Last week, a federal judge in Texas refused to authorize the government to hack a computer suspected of criminal use, including controlling the computer's camera. The government had sought a warrant to "surreptitiously install software designed not only to extract certain stored electronic records but also to generate user photographs and location information over a 30 day period." Noting the high standards for a warrant for wiretaps and video surveillance under the federal rules and the Fourth Amendment, Judge Smith determined that the government had not met its burden.
Judge Smith looked carefully at the legal issues, but you can't be sure that every judge will be familiar enough with the law and technology to stand up to overly broad government requests. At the same time, you may be concerned that malicious hackers or rogue government entities will take control over your camera. But you can protect against the effects of webcam hacking with a few easy steps.
UPDATE: EFF has made it even easier for you to guard your webcam with these Laptop Camera Cover Stickers, featuring an ultra-removeable adhesive that won't leave any residue. But if you want to engineer your own cover, read on!
Use the scissors to cut a small rectangle out of the sticker, sized to fit well on your laptop. While a post-it on its own can easily cover the camera, some post-its are more translucent that others. Putting a black vinyl EFF sticker can give you that extra confidence, and show off your commitment to privacy and security.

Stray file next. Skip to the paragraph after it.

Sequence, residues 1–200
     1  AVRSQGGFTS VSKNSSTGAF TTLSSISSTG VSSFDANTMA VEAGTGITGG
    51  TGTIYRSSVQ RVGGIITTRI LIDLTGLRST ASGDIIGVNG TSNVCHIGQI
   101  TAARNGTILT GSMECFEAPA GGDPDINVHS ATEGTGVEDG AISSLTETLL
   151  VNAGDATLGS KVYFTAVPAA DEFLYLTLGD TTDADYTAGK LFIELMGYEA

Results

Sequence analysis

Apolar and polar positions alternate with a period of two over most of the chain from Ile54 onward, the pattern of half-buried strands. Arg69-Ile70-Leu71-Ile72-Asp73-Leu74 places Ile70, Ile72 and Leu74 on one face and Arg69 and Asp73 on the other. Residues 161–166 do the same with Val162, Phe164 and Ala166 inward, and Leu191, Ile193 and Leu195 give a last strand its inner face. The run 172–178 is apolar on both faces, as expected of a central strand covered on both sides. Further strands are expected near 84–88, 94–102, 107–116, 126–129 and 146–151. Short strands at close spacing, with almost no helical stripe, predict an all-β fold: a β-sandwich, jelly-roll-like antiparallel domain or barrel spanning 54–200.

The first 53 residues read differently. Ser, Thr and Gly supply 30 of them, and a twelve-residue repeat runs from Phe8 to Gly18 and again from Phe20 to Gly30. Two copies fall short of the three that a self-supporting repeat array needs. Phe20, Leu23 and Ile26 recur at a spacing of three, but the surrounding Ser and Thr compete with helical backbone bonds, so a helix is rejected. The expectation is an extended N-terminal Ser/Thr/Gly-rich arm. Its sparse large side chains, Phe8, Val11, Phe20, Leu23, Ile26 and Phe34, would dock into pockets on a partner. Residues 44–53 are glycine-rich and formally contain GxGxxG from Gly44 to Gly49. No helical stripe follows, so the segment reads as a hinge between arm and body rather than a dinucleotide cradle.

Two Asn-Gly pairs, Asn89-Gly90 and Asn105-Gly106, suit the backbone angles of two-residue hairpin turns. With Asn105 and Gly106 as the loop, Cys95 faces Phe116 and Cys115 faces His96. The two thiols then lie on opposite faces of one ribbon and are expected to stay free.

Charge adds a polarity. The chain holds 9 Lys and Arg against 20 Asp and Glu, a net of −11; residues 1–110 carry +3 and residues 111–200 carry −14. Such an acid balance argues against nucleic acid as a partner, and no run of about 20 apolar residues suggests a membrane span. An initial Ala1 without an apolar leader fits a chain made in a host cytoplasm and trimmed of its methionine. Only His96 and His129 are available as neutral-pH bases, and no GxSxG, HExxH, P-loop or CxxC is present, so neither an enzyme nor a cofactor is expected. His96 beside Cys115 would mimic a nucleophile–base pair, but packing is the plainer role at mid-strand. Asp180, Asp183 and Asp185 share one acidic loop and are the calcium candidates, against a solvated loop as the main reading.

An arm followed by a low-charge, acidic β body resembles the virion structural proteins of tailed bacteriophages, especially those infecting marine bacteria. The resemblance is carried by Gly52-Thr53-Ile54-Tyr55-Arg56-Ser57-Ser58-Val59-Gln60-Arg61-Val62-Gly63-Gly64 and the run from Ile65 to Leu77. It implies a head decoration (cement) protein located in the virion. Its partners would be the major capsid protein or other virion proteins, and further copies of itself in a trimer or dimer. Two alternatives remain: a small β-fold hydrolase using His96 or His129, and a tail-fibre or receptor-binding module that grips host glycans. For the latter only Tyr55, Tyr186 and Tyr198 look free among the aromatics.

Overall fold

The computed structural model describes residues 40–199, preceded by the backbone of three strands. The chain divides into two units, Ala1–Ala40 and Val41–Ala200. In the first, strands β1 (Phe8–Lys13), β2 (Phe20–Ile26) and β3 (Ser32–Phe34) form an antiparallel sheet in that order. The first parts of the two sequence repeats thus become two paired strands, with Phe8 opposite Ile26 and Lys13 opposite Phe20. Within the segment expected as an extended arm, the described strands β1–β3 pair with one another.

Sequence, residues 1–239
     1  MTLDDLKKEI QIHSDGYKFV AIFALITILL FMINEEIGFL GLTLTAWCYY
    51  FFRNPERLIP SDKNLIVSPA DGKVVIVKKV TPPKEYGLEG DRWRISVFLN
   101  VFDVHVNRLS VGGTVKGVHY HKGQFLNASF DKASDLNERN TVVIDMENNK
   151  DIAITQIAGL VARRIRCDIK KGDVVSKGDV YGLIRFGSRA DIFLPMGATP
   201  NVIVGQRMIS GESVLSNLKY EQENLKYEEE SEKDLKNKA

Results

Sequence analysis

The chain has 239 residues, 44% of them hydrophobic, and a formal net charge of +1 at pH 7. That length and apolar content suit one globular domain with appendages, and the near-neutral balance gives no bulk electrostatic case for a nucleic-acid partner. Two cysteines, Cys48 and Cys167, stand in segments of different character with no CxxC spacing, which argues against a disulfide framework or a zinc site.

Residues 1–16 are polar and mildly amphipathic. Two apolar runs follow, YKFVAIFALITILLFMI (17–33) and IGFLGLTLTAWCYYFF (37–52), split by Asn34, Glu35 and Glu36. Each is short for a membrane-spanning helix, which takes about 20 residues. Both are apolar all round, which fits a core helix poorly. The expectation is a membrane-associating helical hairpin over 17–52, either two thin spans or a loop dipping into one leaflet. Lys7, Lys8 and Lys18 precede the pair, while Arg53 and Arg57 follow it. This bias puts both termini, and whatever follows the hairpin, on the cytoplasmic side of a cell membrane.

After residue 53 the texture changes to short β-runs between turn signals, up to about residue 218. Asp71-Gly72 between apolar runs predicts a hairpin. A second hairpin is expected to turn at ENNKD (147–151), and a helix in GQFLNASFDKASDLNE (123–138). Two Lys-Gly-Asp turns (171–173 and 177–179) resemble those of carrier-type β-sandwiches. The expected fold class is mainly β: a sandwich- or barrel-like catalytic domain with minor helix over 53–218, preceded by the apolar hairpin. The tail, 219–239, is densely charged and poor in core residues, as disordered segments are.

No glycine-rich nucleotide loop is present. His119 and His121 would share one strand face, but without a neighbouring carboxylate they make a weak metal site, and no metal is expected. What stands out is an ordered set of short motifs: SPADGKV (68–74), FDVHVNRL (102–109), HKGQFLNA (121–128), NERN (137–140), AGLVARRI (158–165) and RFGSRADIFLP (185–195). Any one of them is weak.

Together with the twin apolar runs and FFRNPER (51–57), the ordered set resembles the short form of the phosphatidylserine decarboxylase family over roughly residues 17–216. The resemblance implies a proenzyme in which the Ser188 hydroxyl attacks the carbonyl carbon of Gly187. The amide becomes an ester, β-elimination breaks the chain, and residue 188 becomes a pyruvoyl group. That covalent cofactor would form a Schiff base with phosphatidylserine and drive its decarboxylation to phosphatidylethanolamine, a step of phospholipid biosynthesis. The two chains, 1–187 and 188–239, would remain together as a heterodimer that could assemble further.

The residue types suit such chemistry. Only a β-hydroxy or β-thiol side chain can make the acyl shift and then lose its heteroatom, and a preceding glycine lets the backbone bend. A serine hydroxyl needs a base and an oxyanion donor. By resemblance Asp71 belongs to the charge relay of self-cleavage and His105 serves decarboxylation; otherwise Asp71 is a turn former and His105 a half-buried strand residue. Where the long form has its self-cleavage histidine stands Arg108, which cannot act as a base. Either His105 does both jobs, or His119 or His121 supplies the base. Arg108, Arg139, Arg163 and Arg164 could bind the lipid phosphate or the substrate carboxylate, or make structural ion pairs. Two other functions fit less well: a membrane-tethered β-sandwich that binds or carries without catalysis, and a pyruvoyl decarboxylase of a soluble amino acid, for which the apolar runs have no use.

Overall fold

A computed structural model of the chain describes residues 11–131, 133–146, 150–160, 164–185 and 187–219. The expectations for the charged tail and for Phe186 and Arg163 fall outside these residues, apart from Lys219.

Place the EFF sticker above the sticky portion of the post it, and cut away the excess. Post-it notes use a low-tack, reusable, pressure-sensitive adhesive, which is better for removing and replacing whenever you need to use the camera.
Now add your camera protector to your laptop, and voila, you have blocked the ability of third-parties to take your picture through surreptitious malware on your computer.
While this technique can give you control over your own camera, and ensure that it is not being used when you are not aware, please keep in mind that malware, whether installed by the government or third-parties, can still own your computer and provide the attacker with logs of your activity, your location and even the keys you press. These measures act as a kind of band-aid against surveillance (and some people use a band-aid for this purpose). It's a simple step that will mitigate the harm, but not a complete privacy solution.